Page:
This series of informative graphics provide a regional overview of US energy resources.

This interactive lets students determine the extent of average temperature change both in their community and anywhere else in the world, relative to average temperatures for the three decades between 1951 and 1980.

This video takes viewers high into the Rocky Mountain snowpack, where researchers dig snow pits to explore the source of Colorado's water supply. Highlights the importance of snowpack on the supply of fresh water available in western and southwestern states. Snowmelt dynamics are discussed, including the impact of a warming climate.

This video discusses the differences between climate and weather by defining and presenting examples of each. When presenting examples of weather, the video focuses on severe events and how meteorologists predict and study the weather using measurement, satellites, and radar. The climate focus is primarily on an overview of climate zones.

This animation depicts real-time wind speed and direction at selected heights above Earth's surface, ocean surface currents, and ocean surface temperatures and anomalies.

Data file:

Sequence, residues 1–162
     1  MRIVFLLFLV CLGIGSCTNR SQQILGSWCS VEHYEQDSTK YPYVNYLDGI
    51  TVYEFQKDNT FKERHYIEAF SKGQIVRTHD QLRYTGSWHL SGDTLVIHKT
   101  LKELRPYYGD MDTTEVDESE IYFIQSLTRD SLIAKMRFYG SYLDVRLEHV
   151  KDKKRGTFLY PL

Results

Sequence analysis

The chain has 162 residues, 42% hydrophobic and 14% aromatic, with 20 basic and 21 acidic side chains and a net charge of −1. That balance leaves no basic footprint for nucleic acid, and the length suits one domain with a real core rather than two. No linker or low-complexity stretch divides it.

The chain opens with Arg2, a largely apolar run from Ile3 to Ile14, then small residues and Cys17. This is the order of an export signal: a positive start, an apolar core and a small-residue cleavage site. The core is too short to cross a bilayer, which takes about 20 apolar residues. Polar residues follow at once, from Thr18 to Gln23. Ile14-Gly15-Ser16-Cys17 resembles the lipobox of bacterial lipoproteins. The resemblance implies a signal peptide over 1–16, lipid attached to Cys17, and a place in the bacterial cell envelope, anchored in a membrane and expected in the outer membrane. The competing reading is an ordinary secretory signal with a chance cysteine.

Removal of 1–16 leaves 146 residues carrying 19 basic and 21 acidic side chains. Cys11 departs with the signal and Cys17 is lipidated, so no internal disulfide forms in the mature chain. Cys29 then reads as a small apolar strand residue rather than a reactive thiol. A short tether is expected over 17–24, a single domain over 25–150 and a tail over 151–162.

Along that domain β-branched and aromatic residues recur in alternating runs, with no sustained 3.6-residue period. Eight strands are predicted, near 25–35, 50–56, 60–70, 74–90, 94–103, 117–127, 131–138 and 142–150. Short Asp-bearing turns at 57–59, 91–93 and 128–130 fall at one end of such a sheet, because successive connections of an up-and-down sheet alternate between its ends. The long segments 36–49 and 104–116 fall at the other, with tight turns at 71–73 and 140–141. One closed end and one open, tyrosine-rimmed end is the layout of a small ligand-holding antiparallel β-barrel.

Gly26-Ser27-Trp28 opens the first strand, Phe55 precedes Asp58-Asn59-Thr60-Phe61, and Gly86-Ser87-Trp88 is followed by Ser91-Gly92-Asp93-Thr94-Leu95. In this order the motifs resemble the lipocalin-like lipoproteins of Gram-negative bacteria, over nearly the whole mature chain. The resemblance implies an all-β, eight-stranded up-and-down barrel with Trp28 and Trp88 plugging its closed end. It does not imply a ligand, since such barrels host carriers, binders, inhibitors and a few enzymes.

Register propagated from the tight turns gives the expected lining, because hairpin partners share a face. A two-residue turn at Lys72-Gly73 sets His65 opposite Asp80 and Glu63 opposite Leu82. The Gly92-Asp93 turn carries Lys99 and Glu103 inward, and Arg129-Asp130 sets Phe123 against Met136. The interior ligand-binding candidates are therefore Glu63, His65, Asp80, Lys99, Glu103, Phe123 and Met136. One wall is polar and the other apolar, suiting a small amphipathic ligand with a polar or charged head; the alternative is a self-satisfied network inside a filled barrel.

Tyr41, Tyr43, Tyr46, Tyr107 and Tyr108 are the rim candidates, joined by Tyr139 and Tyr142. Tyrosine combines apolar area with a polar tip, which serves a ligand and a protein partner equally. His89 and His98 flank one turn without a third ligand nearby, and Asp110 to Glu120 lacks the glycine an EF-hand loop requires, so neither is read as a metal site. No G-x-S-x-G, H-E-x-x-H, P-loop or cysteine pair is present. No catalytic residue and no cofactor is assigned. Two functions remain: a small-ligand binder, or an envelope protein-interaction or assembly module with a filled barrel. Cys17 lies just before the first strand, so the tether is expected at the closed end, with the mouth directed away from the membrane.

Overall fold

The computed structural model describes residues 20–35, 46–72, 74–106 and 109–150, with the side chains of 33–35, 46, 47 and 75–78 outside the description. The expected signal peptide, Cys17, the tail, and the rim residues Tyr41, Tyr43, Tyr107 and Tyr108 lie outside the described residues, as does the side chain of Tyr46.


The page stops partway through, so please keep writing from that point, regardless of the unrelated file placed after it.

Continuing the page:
This figure shows the various astronomic cycles that influence long-term global climate cycles (Milankovitch cycles), plotted on the same time scale for easy comparison.

This video explains how scientists construct computer-generated climate models to forecast weather, understand climate, and project climate change. It discusses how different types of climate models can be used and how scientists use computers to build these models.

This activity includes a set of slides with embedded images, animations, and interactives that students use to investigate extreme weather events. This is module 8 of a Satellite Meteorology course.

This interactive addresses the question if we can reduce CO2 emissions by 20% of 1990 levels and help avoid dangerous climate change? Users of this interactive can manipulate changes to various sources and uses (supply and demand) of energy with the goal of reducing C02 emissions in Great Britain by 80% in the year 2050.

This video shows 15 years of data obtained via Polar-orbiting satellites that are able to detect subtle differences in ocean color, allowing scientists to see where there are higher concentrations of phytoplankton - a proxy for the concentration of chlorophyll in the ocean.

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